The temperatures have finally dropped in Chicago, meaning November is as good a time as any to bundle up, brave the elements and camp out in a cinema somewhere. Whether it’s for a film festival, a special screening event or the latest Awards-worthy theatrical release, there’s a lot to be thankful for when it comes to movies this month. Here’s what’s on our list to see:
Reel Science Film Series – The Adler Planetarium continues their science movie screening series this month with a screening of 2001: A Space Odyssey. While it’s likely not the pristine 70mm print presented at the Music Box Theatre earlier this year, Kubrick’s masterpiece is worth seeing on the big screen whatever the circumstances. Probably best for older kids, the planetarium pairs the screening with pre-show trivia and post-show conversations with astronomers and scientists. And if you really wanna go all in, cosplay is encouraged. Learn more and get tickets here.
Cinepocalypse – Last month it was Music Box of Horrors (you know, for Halloween). This month, the city’s best independent theater presents Chicago’s only genre film festival, Cinepocalypse. The new incarnation of what was the Bruce Campbell Film Festival (that was previously presented at geek-con Wizard World in the suburbs), the festival boasts over sixty films, from world premieres to retrospectives on some of the biggest names in camp cinema. Check out our overview here, and see the full schedule here.
29th Polish Film Festival in America – Billed as the biggest Polish cultural event outside of Poland, the Polish Film Festival scratches an itch for world cinema you maybe didn’t know you had. For over two weeks, films will screen at AMC Rosemont 18, Facets Cinematheque and the Gallery Theatre, providing plenty of opportunity to catch something wherever you are. The festival opens with Lullaby Killer, a crime drama a la Silence of the Lambs based on the true story of a serial killer who terrorized Cracow in the 1950s. From there, hopefully the rest of the program isn’t quite so creepy. See it all here.
Midwest Independent Film Festival – Every month, the Midwest Independent Film Festival presents some new programming that highlights the great work being made right in our backyard. This month, head out to the Landmark Century Centre Cinema for a showcase of the local advertising community. Featuring seventeen (!) short films, the line-up highlights all the creative work coming out of the bustling local advertising community. Filmmakers will be in attendance for a post-show discussion, too. Learn more here.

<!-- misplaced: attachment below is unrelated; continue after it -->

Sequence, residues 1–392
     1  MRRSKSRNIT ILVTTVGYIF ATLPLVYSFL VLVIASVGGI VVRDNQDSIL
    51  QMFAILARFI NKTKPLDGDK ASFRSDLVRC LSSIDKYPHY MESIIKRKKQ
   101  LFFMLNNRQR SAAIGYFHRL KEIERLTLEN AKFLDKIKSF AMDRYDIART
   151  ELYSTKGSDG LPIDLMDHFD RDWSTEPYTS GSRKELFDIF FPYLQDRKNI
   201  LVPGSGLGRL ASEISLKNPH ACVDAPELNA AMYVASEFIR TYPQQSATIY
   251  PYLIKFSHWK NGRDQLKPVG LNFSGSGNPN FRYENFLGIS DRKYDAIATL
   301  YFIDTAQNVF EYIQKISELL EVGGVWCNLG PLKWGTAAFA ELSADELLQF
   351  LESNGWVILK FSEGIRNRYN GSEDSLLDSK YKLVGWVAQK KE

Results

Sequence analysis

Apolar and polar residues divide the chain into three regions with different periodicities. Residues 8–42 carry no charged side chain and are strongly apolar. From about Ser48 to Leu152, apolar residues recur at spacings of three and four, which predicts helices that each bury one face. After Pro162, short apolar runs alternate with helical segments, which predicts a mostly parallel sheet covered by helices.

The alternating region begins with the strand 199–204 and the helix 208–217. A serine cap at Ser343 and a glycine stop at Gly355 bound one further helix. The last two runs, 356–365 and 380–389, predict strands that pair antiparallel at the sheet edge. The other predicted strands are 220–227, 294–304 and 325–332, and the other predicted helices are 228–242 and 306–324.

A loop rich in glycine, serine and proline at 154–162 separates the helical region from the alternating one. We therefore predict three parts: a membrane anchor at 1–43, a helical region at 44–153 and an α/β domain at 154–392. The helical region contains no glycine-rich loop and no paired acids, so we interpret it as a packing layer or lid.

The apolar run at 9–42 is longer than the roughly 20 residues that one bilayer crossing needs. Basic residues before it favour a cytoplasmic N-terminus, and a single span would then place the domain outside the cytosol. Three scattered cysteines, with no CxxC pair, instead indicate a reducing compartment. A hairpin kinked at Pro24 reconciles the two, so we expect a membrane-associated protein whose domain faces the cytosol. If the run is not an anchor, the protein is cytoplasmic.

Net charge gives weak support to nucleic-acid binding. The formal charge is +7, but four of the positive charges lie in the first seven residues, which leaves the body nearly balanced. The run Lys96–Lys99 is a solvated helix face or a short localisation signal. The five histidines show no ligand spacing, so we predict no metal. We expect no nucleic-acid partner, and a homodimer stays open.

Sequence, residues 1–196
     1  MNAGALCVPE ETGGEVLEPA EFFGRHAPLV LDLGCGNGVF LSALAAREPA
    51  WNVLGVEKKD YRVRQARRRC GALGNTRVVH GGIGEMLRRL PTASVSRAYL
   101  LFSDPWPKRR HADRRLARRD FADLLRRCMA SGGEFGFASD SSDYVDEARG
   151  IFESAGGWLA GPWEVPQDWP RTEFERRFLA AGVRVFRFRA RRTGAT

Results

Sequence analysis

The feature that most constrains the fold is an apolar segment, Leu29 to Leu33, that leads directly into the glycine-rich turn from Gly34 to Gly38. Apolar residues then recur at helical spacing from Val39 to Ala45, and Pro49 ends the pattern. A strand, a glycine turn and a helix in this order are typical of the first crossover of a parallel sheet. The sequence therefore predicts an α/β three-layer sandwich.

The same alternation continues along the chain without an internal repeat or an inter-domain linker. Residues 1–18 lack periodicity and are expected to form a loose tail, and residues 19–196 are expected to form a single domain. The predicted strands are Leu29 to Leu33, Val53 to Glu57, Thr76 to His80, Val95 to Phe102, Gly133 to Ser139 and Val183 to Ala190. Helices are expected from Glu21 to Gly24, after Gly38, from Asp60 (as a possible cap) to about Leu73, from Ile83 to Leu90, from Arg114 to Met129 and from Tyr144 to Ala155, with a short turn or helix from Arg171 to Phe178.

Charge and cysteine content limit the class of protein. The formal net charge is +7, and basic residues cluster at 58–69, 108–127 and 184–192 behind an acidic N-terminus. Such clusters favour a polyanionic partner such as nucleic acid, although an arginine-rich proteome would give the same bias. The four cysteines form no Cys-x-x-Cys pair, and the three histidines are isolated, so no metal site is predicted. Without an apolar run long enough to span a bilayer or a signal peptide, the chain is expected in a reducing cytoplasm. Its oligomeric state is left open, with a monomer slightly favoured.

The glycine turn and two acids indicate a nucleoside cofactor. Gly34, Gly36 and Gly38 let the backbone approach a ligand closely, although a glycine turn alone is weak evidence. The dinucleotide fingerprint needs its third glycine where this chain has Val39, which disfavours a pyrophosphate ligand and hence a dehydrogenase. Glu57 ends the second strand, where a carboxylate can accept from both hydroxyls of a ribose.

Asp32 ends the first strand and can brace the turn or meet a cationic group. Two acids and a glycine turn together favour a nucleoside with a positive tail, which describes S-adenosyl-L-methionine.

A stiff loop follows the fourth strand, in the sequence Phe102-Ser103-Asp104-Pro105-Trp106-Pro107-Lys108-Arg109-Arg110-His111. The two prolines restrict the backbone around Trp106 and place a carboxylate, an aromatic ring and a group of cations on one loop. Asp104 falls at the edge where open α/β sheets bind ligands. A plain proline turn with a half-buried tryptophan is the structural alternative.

CIMMFest – The Chicago International Movies & Music Festival is back for an extended weekend of film and live music at no fewer than eleven venues across the city. A sort of mini-SXSW, where you can take in a movie or a concert (or both!), highlights this year include a Penelope Spheeris retrospective and the premiere of The Chicago Mixtape, a documentary highlighting the arts programs working to counter the violent narrative on Chicago streets. Passes to the festival are available for guaranteed seating, but if you want to take your chances, all events are free and open to the public. See the full line-up here.
Murder on the Orient Express – Kenneth Branagh has assembled perhaps the most impressive ensemble cast since The Big Chill for his take on the Agatha Christie classic. Truth be told, I’ve never read the book or seen an earlier version of the film, so the anticipation is heightened all the more. Even if you already know how it ends, spending two hours with this cast – Johnny Depp, Daisy Ridley, Michelle Pfeiffer, Penelope Cruz, Josh Gad, Leslie Odom, Jr. – is surely going to be a decent way to spend the evening.
Silent Cinema at The Music Box – Don’t miss your last chance to see some seriously classic films at The Music Box Theatre. November marks their last monthly installment in a series of truly silent films accompanied by in-house orchestra music. This month, see 1924’s The Last Man On Earth, an early attempt at science fiction about a world where, you guessed it, there’s only one man left on earth and all the women who (shocker!) have taken on every occupation and role in their absence, compete for his attention. Perhaps questionable in 2017, but taken in context, it’s an exceptional opportunity to see a rare print right here in Chicago. Tickets are available here.
Call Me By Your Name – Filmmaker Luca Guadagnino has gifted audiences with both I Am Love and more recently, A Bigger Splash, both films that are as visually breathtaking as they are emotionally captivating. In January, he premiered Call Me By Your Name at Sundance Film Festival and the response was immediately positive. The buzz remains strong ten months later for the film starring Armie Hammer as an American staying with a family in Italy one summer and the unexpected relationship (and romance) that develops. It may be too arthouse to garner serious Oscars attention, but chances are it’ll still top many Best Of lists by year’s end.
Rebecca at Doc Films – The film screening series at University of Chicago known as Doc Films is, according to their own website, the longest-running student film society in the country. Despite its campus roots, the screenings are open to the general public, and at just $5 a ticket, it’s a steal. At the end of November, the program presents a screening of Alfred Hitchcock’s early masterpiece, a psychological thriller about a young wife (Joan Fontaine) haunted by the memory of her husband’s dead first wife. Learn more (scroll down) here.